ctrl.0: ┤ T ├┤ T ├──■───────┤ X ├┤ Tdg ├───────┤ X ├───────────────
├───┤├───┤  │       └─┬─┘└┬───┬┘┌─────┐└─┬─┘┌───┐
ctrl.1: ┤ T ├┤ T ├──┼────■────┼───┤ X ├─┤ Tdg ├──┼──┤ X ├──────────
├───┤├───┤┌─┴─┐┌─┴─┐  │   └─┬─┘ └┬───┬┘  │  └─┬─┘┌───┐┌───┐
target.0: ┤ H ├┤ T ├┤ X ├┤ X ├──■─────■────┤ T ├───■────■──┤ H ├┤ S ├
└───┘└───┘└───┘└───┘             └───┘           └───┘└───┘


As we see, the first T-gate on target.0 can be executed while the T-gates of ctrl are still running.

## Fault tolerant compilation of Shor’s algorithm#

In the previous tutorial, you learned how to implement Shor’s algorithm. Obviously the things you learned in the above section all apply to compile it for fault-tolerant backends, but the most powerfull optimization still awaits!

The Qrisp implementation of Shor’s algorithm allows you to provide an arbitrary adder for the execution of the required arithmetic. We provide some pre-implemented adders notably:

• The fourier_adder (paper) requires minimal qubit overhead and has a very efficient custom_control but uses a lot of parametized phase gates, which increases the T-depth. The low qubit count makes it suitable for simulation, which is why it is the default adder.

• The cucarro_adder (paper) also requires minimal qubits but no parametrized phase gates. It doesn’t have a custom controlled version.

• The gidney_adder (paper) requires $$n$$ ancillae but uses the gidney Toffoli method described above, making it very fast in terms of T-depth but also economical in terms of T-count.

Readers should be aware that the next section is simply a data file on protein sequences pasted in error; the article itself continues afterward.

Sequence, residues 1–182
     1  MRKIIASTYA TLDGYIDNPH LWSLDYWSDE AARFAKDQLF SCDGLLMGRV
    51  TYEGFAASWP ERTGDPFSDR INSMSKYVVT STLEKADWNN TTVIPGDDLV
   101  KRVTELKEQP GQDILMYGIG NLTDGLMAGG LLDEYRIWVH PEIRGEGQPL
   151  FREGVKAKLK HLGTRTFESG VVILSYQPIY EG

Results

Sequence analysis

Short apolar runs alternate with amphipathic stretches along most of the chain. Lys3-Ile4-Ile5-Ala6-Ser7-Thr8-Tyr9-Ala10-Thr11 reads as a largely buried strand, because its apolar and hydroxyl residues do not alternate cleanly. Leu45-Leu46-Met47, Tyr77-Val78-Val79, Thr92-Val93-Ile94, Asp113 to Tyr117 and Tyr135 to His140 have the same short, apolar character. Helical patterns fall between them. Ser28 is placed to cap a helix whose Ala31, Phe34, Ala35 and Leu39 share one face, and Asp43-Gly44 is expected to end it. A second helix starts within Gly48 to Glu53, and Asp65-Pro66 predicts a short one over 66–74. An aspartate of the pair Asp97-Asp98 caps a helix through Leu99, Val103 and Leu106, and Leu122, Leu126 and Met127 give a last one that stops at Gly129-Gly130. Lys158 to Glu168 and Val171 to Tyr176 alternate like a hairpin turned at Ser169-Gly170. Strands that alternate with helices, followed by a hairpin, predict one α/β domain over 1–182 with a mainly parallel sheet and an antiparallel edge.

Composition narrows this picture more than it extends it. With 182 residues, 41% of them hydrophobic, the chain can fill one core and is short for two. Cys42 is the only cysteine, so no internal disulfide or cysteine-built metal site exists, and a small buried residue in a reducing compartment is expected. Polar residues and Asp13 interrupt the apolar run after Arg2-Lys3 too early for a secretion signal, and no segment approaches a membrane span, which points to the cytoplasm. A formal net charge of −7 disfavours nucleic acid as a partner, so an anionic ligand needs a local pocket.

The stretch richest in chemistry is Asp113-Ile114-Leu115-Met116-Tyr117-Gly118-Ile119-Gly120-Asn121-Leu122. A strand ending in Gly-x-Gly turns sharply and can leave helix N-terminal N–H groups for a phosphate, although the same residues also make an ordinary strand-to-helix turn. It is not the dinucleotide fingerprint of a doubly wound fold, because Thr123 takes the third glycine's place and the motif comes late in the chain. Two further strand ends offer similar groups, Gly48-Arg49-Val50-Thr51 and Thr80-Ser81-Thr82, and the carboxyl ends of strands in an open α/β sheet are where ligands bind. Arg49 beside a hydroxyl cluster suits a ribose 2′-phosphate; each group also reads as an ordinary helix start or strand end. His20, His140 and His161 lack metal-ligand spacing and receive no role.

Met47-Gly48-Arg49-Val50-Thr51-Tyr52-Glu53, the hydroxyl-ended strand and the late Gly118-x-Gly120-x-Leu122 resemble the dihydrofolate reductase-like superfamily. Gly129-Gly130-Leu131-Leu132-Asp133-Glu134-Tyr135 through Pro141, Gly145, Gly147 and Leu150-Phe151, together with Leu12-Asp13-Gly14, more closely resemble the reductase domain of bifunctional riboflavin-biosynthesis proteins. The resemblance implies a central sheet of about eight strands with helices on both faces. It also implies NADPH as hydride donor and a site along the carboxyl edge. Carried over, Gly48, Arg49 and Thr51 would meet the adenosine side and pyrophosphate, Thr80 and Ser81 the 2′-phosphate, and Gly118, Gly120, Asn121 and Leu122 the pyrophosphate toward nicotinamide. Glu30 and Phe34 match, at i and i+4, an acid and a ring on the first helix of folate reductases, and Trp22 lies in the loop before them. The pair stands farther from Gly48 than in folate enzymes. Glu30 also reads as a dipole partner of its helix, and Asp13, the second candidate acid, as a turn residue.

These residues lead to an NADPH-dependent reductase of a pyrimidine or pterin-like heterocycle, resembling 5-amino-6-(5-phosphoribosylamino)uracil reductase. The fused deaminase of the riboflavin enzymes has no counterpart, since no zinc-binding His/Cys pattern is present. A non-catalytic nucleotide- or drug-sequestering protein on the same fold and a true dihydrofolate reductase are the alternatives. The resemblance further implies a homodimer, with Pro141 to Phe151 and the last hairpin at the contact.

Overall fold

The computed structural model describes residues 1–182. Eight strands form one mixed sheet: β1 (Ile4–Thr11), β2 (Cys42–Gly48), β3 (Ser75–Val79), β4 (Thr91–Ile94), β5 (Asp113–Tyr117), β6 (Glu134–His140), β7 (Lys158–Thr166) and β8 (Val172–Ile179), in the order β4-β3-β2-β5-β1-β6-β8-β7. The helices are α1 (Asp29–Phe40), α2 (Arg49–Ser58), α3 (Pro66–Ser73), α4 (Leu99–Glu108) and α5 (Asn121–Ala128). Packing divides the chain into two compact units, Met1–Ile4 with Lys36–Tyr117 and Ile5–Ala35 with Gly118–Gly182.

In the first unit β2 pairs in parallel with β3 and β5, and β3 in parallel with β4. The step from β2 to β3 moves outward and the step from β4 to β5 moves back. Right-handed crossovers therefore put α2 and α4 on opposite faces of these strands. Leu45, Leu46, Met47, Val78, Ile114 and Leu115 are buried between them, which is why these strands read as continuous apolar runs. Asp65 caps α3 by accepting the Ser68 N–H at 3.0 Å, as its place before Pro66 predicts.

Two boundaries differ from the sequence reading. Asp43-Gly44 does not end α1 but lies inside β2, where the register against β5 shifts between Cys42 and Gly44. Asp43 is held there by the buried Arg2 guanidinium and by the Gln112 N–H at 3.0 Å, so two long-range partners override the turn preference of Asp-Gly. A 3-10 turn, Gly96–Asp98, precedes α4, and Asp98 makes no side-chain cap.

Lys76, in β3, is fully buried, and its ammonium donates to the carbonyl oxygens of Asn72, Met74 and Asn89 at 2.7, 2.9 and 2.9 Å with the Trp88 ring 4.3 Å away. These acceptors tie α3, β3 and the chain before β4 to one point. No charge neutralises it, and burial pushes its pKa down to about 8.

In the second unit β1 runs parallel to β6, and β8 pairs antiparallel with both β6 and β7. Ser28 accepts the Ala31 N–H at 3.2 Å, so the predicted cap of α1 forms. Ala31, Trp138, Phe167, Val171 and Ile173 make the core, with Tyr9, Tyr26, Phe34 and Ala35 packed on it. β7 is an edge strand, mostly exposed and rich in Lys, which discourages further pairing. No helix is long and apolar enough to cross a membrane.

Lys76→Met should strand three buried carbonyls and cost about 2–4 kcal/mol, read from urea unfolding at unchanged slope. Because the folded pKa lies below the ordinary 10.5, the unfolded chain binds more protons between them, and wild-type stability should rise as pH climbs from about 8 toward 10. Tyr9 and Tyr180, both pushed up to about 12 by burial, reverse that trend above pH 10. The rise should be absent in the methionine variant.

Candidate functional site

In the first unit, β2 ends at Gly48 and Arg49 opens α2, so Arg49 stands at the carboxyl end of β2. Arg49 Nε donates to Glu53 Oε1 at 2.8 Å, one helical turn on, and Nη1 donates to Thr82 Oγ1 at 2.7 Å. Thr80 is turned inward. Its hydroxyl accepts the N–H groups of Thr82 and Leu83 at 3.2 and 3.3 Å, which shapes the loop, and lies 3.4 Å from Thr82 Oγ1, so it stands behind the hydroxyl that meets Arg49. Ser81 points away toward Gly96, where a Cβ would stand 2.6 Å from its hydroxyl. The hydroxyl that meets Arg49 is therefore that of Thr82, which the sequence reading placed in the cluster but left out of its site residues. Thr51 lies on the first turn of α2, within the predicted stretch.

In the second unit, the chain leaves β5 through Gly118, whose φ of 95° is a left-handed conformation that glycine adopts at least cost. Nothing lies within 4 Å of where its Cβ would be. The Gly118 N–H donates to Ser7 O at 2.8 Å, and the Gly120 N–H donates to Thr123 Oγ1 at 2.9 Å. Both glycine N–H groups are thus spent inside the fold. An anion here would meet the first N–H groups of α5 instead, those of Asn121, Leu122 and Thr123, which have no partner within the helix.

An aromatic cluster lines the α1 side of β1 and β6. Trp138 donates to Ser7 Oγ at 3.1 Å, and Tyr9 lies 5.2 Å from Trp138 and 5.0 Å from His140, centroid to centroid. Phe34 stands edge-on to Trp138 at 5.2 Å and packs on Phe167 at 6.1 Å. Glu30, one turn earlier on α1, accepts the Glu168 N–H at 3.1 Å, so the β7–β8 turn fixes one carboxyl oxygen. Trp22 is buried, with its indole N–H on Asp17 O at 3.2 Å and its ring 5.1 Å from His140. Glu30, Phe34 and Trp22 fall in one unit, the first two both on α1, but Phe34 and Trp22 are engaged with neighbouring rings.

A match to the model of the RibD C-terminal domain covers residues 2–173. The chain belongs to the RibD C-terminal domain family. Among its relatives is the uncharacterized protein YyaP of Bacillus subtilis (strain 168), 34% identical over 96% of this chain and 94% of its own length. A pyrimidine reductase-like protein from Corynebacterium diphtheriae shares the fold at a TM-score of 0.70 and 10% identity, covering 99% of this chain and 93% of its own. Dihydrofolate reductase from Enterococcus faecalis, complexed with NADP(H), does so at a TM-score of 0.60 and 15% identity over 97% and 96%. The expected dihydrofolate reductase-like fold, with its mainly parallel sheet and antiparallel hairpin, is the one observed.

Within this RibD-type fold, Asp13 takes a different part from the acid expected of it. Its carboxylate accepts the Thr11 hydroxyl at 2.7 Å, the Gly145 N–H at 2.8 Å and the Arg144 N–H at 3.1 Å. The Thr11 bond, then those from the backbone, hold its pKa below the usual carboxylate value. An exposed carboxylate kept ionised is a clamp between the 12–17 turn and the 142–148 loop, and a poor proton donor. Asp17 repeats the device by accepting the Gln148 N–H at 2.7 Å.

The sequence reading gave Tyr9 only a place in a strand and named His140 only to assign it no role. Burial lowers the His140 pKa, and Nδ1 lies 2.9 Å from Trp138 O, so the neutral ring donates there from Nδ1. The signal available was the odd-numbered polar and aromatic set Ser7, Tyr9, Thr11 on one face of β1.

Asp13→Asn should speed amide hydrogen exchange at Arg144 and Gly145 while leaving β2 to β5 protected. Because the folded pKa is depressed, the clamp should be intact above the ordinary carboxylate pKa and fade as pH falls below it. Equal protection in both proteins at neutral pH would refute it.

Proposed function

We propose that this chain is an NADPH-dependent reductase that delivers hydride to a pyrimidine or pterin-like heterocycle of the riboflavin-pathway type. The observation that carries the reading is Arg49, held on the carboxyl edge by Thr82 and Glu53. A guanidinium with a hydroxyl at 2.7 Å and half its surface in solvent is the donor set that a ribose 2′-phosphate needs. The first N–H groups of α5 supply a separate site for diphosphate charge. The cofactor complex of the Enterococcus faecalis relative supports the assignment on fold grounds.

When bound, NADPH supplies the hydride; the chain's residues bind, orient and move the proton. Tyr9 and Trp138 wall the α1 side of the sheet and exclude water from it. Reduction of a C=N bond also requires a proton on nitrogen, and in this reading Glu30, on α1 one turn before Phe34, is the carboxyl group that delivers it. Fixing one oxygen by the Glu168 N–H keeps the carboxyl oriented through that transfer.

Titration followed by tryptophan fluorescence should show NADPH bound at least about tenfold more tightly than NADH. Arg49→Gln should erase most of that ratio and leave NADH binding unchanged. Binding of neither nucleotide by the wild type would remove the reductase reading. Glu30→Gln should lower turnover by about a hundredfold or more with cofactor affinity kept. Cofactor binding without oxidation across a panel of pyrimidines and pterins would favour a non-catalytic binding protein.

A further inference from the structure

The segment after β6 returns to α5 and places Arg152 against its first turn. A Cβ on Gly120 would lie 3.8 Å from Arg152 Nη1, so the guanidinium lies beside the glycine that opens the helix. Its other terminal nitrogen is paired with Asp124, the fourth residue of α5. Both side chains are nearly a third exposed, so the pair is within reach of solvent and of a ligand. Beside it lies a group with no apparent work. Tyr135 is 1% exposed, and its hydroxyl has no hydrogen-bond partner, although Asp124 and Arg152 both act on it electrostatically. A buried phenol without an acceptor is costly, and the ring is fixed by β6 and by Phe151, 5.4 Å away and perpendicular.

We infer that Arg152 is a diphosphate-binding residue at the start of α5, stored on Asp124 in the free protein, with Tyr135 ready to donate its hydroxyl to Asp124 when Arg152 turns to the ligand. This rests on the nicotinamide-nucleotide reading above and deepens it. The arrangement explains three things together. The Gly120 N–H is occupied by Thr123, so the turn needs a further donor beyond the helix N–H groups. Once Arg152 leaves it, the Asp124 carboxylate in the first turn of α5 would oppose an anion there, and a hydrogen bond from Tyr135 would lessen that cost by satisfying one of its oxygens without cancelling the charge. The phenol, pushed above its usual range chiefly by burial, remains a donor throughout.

• The qcla (paper) requires quite a lot of ancillae but has only logarithmic scaling when it comes to T-depth. It is faster than the Gidney adder for any input size larger than 7.

In general you can also write your own adder and try it out! Feel free to use the inpl_adder_test function to verify your adder works.

To illustrate the difference, we benchmark the gidney_adder vs. the qcla on the operation that is most relevant for Shor’s algorithm: Controlled modular in-place multiplication.

from qrisp import *
N = 3295

ctrl_qbl = QuantumBool()

with control(ctrl_qbl):
qg *= 953

gate_speed = lambda op : t_depth_indicator(op, epsilon = 2**-10)

qc = qg.qs.compile(gate_speed = gate_speed, compile_mcm = True)
print(qc.t_depth())
# Yields 956
print(qc.num_qubits())
# Yields 79